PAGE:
Melissa –

“For any other women going through this same journey, be sure to take care of yourself and just remember, things will get better!”

I was first diagnosed with Invasive Ductal Carcioma Stage IIA breast cancer back in 2005 at the age of 32. I was single, living and working in Manhattan. I ate healthy, exercised regularly and was really just enjoying my life.

I always made sure to go to the doctor regularly and went in for my annual exam, when the nurse practitioner felt the first lump. She sent me straight to see a radiologist, and after numerous mammograms, sonograms and several biopises my doctor told me I had cancer. 

After all the procedures, I was not surprised at the diagnosis but the thought that cancer had possibly spread was unthinkable to me. Breast cancer did run in my family, as my parerntal and maternal grandmothers both had gone through breast cancer. Knowing all of these things, I knew I had to see a genetic counsler and make a big decision on whether or not I should have a bi-lateral masetctomy of a double mastectomy. After testing negative for both BRCA1 & BRCA2 genes, I decided for a bilateral mastectomy.

I couldn’t deal with the thought of losing my hair, and even facing the reality that I may not be able to have children. With my head spinning, I had to come to terms with the fact that my entire life just completely changed because I had cancer. My treatment was 8 rounds of chemo, and the Thursday before my 2nd treatment, my hair began to fall out. This was one of the worst days of my life, or so I thought at the time. I bought wigs and tried to carry on as normal as possibly, but it was a battle. I wouldn’t go anywhere without my wig, I was too scared. No more running down the street or dropping in at the gym.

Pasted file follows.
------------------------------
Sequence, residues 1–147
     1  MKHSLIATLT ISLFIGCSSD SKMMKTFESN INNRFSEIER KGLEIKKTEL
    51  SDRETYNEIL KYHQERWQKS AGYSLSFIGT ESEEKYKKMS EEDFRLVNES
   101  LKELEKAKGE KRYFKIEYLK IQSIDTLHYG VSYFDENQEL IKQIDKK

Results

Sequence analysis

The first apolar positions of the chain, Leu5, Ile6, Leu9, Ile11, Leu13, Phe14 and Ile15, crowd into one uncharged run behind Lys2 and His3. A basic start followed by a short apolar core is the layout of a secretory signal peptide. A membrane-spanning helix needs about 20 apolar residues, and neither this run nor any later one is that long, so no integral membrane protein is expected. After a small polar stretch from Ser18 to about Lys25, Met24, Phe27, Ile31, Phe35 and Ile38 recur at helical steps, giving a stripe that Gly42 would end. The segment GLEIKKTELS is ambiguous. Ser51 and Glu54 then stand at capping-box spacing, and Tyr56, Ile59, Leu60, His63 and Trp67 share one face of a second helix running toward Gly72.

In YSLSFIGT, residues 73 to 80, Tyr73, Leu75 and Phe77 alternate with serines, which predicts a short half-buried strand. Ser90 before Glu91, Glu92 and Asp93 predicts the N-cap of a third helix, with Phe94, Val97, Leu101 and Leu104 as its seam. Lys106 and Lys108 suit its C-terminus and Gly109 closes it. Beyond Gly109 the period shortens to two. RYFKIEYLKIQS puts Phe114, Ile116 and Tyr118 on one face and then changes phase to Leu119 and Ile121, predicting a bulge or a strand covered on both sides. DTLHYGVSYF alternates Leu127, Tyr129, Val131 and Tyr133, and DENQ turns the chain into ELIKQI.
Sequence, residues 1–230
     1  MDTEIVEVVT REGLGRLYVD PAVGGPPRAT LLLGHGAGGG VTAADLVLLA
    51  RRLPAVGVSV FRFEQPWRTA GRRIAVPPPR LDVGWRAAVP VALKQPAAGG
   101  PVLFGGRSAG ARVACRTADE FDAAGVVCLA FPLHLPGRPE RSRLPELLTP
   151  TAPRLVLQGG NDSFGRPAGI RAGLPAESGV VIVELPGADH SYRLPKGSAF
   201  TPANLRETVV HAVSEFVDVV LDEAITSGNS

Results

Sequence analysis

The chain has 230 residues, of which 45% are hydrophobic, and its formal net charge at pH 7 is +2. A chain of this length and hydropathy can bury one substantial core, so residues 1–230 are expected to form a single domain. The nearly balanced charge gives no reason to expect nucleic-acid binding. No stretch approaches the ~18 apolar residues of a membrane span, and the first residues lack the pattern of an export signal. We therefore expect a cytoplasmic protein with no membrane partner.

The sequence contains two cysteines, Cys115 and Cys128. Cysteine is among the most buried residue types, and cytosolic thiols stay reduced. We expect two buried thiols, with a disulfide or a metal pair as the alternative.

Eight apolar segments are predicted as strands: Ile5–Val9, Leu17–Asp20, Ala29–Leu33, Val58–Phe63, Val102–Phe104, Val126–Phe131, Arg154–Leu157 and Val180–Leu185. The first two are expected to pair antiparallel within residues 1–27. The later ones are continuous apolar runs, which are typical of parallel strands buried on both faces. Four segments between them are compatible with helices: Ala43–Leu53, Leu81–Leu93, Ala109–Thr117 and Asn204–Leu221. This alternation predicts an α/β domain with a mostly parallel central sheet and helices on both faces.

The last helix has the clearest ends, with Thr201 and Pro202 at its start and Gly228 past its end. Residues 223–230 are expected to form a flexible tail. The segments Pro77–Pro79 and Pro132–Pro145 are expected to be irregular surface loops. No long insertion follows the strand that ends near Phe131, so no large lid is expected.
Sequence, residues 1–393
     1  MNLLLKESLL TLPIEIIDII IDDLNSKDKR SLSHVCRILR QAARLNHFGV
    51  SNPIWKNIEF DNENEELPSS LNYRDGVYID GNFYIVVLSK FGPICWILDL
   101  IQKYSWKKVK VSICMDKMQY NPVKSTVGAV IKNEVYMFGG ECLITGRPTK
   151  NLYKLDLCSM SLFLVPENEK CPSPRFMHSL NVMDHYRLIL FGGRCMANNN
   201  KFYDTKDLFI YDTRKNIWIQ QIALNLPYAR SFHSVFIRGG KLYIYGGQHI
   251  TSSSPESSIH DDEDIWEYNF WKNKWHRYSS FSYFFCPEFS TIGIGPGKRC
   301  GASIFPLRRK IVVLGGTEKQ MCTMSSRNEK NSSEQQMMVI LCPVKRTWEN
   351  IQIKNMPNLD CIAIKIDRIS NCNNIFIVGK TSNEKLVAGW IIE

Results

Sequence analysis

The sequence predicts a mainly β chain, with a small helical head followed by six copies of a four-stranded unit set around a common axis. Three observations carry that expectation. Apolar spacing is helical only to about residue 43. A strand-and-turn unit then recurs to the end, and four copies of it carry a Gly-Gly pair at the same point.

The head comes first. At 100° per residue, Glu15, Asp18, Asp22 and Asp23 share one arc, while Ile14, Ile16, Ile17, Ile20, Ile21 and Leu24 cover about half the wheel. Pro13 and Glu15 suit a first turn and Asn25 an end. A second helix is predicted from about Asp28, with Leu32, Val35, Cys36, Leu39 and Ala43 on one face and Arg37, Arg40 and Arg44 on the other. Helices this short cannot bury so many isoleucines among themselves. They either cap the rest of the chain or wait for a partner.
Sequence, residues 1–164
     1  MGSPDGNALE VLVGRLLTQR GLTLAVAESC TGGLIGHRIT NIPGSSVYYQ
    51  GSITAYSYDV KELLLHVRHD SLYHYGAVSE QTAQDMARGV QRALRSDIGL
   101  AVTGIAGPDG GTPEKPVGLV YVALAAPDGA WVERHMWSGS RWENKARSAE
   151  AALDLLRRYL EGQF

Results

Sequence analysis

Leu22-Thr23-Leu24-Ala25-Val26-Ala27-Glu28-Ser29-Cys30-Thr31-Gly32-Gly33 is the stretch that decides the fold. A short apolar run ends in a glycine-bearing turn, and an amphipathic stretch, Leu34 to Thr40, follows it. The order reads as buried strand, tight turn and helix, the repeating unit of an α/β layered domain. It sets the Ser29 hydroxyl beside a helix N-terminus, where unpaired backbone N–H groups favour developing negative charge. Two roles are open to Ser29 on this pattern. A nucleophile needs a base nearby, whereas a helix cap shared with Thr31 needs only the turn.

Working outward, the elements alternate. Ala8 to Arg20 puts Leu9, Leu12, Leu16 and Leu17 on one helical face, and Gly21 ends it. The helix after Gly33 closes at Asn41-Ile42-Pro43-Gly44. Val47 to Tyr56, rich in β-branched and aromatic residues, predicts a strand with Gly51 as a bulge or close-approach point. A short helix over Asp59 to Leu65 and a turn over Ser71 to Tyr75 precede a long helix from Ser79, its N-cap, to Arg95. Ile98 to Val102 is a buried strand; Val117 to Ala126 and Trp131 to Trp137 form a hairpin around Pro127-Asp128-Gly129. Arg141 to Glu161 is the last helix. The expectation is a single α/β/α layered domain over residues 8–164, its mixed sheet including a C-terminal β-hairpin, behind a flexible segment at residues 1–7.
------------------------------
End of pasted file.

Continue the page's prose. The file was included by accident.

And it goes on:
No one can possibly imagine what you go through as a woman having breast cancer. The hair loss, saline shots, chemo, losing your breasts and even early menopause. Not to mention any side affects from you treatment. It’s all really exhausting and just unfair.

But I managed to get through it. Talking with other survivors and reading their stories has brought me so much joy and kept me positive. While there isn’t a day that goes by I don’t think about my cancer and if it will come back, I am very lucky to have had such supportive family members and friends during that difficult time. Fourteen years later, I am cancer free with a beautiful 9-year-old son and so thankful.

For any other women going through this same journey, be sure to take care of yourself and just remember, things will get better!

Are you a survivor, loved one, or support system? We’d love to share your story to inspire others across the US.